The Maryknoll Office for Global Concerns joined a coalition of 16 organizations calling on President Joe Biden to act now to prevent humanitarian disaster in Afghanistan.
November 16, 2021
Dear Mr. President:
Millions more Afghans will descend into abject poverty this winter and thousands will starve to death unless swift action is taken by the United States and our international partners. Afghans are already running out of food and the U.N. World Food Programme’s director for Afghanistan projected that its economy will collapse in a “matter of weeks.”
Afghanistan’s economy was in dire straits prior to the collapse of the Afghan government. In 2020, tax revenue declined by 7.6% and urban poverty increased to 47.6 % — roughly equal to the country’s rural poverty rate. Afghanistan is a classic rentier state and grants finance approximately 75% of public spending. Domestic revenues fell from 14.1% of the GDP in 2019 to 11.4 % in 2020 with a trade deficit of 27.6% of the GDP. Since the Taliban takeover in August, inflation is skyrocketing, particularly the cost of food. Even Afghans with savings in the bank are unable to access those savings consistently with reports of banks and other institutions running out of cash. This is no slow moving train wreck but one that is already off the rails. The point of no return is just weeks away for millions of Afghans caught between two decades of war and the brutalities of Taliban rule.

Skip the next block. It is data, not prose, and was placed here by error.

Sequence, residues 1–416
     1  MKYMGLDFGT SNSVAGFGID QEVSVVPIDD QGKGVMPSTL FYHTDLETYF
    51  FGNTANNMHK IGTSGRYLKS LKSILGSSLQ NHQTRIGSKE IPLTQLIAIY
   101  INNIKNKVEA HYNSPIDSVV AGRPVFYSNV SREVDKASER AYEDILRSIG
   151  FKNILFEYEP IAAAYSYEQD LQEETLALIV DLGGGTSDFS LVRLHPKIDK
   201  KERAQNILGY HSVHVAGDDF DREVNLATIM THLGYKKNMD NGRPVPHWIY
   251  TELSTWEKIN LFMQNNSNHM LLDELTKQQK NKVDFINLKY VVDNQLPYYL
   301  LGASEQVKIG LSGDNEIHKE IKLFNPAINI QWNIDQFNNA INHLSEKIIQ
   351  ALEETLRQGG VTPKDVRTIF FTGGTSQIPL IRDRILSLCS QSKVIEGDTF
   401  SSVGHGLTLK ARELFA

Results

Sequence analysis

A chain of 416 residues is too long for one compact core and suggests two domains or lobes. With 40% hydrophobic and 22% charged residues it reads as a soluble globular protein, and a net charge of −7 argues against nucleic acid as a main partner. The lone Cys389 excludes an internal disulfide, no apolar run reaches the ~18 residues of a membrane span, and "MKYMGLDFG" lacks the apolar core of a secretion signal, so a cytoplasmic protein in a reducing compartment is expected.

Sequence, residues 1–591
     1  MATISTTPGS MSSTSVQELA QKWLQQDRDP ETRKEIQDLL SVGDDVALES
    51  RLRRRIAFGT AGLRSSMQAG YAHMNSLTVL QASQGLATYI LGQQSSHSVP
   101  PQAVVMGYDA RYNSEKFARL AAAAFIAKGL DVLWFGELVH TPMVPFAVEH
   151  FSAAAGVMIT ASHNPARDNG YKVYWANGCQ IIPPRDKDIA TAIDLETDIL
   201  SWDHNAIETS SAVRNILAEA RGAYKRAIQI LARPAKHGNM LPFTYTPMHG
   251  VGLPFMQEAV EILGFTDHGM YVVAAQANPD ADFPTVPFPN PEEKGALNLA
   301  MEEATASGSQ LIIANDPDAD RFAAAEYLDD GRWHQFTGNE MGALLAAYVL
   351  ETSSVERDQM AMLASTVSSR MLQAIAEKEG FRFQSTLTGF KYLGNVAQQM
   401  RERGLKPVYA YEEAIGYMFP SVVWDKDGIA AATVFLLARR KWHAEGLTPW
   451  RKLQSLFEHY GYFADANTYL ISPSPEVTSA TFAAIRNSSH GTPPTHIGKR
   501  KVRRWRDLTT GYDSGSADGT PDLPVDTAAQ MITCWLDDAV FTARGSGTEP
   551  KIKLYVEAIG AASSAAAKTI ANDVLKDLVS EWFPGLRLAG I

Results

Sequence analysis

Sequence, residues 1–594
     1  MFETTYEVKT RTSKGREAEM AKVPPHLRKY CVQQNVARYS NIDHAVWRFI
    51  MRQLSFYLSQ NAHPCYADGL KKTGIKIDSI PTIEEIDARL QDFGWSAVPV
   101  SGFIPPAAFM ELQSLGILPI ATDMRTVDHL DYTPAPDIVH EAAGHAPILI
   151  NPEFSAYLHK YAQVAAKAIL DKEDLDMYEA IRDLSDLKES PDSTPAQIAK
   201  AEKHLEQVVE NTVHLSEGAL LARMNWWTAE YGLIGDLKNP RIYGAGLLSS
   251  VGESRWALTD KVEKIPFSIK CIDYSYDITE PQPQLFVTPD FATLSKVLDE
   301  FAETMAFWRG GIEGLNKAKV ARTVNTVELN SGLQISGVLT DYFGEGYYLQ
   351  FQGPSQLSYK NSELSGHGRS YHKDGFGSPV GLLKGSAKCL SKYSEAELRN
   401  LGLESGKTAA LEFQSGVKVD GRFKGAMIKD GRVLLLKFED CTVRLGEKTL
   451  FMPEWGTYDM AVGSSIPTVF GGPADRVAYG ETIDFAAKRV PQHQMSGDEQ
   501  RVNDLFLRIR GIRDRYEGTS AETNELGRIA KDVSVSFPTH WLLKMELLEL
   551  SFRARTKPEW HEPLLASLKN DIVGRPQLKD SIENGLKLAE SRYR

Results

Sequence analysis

We applaud the recent pledge of $144 million in humanitarian aid to Afghanistan. This is in addition to a pledge in September by the U.S. Agency for International Development (USAID) and the U.S. Department of State to distribute $64 million in humanitarian aid to the Afghan people, which will flow through independent organizations and more than $266 million in humanitarian aid pledged in June, including over $157 million through USAID. The United States has provided Afghanistan with nearly $3.9 billion in humanitarian aid since 2002. This assistance pales in comparison to the hundreds of billions of dollars spent to build up the armed forces in Afghanistan over the course of the war. For FY2021, Congress appropriated over $3 billion to the Department of Defense’s Afghanistan Security Forces Fund — nearly equal to the grand total in humanitarian aid over the last two decades. It is our hope that the White House will continue to request that Congress provide humanitarian assistance to Afghanistan in the years ahead and lawmakers answer that call. But any amount of aid is futile if it cannot reach the Afghan people in time.